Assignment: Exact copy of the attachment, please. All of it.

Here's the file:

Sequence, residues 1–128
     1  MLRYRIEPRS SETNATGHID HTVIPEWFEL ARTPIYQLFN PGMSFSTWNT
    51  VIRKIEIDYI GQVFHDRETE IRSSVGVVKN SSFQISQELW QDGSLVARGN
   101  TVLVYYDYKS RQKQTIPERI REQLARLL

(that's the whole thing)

Sequence, residues 1–128
     1  MLRYRIEPRS SETNATGHID HTVIPEWFEL ARTPIYQLFN PGMSFSTWNT
    51  VIRKIEIDYI GQVFHDRETE IRSSVGVVKN SSFQISQELW QDGSLVARGN
   101  TVLVYYDYKS RQKQTIPERI REQLARLL